9. Keep an eye out for turning motorcycles.
In a car, once you complete a turn, your turn signal automatically turns off. Not only does this make it easier to keep up with where other vehicles around you plan to go, it also means that you do not have to think about turning off the turn signal every time you need to make a turn.
For motorcycles, however, that does not always hold true. Until recently, motorcycles did not have turn signals that turned off on their own, after the biker completes a turn. Even those that have them may not always turn off after a small turn or a lane change.
If you notice a biker with a flashing turn signal, back off and give them room to turn safely. Keep in mind that you may need more room than you think to come to a full stop as you approach the biker. Even if the motorcycle’s turn signal continues to flash for some time, indicating that the rider does not have an immediate plan to turn, you may still want to back off and give more room; if the rider does decide to turn, you have plenty of room to come to a safe stop behind.
10. Stay aware of your blind spots.
Many large passenger vehicles, including SUVs, trucks, and vans, have blind spots large enough to lose a small car.
Motorcycles can get lost in your blind spots even more easily.
During motorcycle season in particular, stay aware of your blind spots. Get a good feel for where you can find those blind spots on your vehicle and how large a vehicle can disappear inside it. Even a small car may have more than enough room to lose a motorcycle. Test it out. Learn where those blind spots are. In some cases, you may shift to look and gain better visibility. In others, however, you may simply have to learn how to deal with that blind spot effectively.
When you know the locations of your blind spots, you can avoid turning or changing lanes if you have no idea what has turned into them, which can significantly reduce your risk of an accident.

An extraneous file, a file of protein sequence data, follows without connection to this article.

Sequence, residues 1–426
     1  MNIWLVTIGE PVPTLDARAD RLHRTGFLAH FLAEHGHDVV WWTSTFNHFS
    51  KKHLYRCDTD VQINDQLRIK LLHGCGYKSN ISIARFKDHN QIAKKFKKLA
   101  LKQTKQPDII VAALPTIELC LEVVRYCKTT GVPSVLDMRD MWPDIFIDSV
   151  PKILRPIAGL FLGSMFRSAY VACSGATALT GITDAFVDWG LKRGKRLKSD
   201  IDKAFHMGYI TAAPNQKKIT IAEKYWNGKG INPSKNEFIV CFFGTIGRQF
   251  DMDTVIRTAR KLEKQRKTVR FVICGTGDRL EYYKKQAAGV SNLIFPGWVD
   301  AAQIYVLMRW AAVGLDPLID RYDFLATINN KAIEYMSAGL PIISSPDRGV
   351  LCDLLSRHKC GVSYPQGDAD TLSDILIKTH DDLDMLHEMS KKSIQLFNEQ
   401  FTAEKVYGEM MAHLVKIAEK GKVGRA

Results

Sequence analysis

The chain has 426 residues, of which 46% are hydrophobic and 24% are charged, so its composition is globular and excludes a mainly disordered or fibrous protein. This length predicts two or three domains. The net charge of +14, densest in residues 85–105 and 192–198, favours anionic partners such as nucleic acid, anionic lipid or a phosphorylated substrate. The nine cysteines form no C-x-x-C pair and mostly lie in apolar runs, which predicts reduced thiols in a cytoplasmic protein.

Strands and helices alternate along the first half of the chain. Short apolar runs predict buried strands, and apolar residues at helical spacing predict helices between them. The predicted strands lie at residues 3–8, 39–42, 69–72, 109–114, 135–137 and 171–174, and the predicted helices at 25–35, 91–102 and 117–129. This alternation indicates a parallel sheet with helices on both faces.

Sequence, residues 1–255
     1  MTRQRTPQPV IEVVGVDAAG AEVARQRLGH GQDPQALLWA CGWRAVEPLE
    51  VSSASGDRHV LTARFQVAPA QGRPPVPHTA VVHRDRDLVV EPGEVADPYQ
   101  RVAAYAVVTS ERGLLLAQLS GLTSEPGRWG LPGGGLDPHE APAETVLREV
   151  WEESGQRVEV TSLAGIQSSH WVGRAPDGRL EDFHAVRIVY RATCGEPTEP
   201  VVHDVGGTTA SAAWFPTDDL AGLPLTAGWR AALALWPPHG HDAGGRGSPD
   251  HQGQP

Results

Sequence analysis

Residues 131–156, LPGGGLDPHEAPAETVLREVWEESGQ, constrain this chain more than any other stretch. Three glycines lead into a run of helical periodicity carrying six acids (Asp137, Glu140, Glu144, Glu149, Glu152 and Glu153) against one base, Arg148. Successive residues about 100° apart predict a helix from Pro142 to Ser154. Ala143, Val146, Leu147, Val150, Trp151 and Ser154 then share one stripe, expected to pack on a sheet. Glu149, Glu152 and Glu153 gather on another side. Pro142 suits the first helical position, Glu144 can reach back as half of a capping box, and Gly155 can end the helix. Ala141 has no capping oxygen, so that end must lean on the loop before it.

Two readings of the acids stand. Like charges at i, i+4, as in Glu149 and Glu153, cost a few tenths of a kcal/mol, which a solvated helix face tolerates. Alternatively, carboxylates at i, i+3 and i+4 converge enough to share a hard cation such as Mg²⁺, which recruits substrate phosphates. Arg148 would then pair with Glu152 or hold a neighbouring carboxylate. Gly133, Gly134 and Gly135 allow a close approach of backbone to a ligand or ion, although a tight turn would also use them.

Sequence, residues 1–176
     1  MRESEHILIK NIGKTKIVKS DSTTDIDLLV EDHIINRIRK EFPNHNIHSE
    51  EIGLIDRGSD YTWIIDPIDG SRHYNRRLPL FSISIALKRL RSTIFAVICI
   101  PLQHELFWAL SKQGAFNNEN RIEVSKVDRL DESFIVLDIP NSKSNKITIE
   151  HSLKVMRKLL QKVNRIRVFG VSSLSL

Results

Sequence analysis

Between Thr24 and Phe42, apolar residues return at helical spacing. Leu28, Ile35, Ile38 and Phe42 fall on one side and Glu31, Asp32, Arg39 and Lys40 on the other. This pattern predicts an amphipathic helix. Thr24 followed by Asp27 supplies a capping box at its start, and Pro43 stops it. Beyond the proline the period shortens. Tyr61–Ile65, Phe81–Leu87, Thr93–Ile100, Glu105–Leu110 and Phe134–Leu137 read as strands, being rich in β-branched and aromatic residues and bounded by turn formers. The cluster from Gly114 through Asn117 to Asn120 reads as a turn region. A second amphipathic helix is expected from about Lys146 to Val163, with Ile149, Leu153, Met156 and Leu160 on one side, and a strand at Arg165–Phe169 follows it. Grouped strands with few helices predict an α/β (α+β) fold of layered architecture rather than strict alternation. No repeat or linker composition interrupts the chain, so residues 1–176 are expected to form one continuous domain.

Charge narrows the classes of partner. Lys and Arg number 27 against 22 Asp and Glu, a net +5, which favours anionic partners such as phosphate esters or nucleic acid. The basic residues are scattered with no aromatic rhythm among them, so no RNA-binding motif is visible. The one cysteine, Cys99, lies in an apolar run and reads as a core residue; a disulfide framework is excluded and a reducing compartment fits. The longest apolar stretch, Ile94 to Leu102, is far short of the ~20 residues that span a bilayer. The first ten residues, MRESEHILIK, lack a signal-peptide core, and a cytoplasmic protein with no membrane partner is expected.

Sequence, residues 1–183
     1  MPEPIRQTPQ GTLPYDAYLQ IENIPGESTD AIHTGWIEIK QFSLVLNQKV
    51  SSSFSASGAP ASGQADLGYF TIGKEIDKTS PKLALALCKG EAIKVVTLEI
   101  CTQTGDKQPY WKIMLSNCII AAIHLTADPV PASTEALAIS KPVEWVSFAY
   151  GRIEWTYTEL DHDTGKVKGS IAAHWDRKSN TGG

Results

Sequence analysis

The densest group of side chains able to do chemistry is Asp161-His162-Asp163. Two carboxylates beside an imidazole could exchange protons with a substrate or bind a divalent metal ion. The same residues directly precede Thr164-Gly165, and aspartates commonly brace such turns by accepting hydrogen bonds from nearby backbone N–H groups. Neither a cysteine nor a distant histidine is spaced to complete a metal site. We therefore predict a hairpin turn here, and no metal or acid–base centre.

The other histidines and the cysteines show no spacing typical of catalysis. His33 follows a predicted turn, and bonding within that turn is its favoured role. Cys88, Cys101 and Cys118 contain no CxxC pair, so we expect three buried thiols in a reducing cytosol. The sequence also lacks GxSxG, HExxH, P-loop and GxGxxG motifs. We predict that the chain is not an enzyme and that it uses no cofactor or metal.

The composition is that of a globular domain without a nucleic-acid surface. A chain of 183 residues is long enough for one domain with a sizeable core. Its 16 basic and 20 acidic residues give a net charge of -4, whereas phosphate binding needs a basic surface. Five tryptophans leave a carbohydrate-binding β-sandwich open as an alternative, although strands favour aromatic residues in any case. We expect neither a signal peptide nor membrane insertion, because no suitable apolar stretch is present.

11. Track motorcycles around you.
You noticed a motorcycle pulling up behind you about half a mile ago, but it seems to have disappeared in the time since then. You need to change lanes, so you signal and start to move over, only to hear a wild honk—or worse, a crash. A motorcycle pulled into your blind spot, and since you lost track of it, you had no idea that it entered your blind spot.
You cannot track every car around you on the road all the time. Your eyes will typically stay fixed on the road in front of you, not necessarily the road behind you. Keeping track of what goes on around you, however, can go a long way toward reducing accident risk and keeping bikers, in particular, safe when you share the road with them.
If you notice a motorcycle sharing the road with you, especially if you know you will need to change lanes or make a turn soon, pay attention to the biker’s location. You should know if the motorcycle changes lanes, moves behind you, or pulls off the road. Pay special attention and keep track of motorcycles in your mirrors when possible.
12. Use your signals appropriately.
Your turn signals let everyone around you know where you plan to go: whether you plan to change lanes or make a turn. Those signals serve as an important warning to other drivers, who can then base their actions on your intentions: slowing down to give you room to turn, for example, or not entering the space you need to occupy in a lane as you get ready to change lanes.
For motorcycle riders, those turn signals can prove particularly important. Often, motorcycle riders will need to make decisions sooner than other drivers. They may also need to worry more about entering a lane as your turn signal flashes to indicate that you plan to change lanes, or they might need to tap the horn to let you know that you cannot change lanes until they have a chance to move.
Signal well in advance of any planned turns. When changing lanes, try not to signal at the last minute. Instead, give yourself plenty of time to signal and, therefore, other drivers, especially bikers, plenty of time to react to your plans.
13. Avoid distractions while driving.
Distracted driving can involve manual, visual, or cognitive distraction. Manual distraction takes one or both hands off of the wheel, which can substantially slow your response time and make it more difficult for you to prevent an accident. Visual distractions take your eyes off of the road. Cognitive distractions, on the other hand, remove your attention from the task of driving.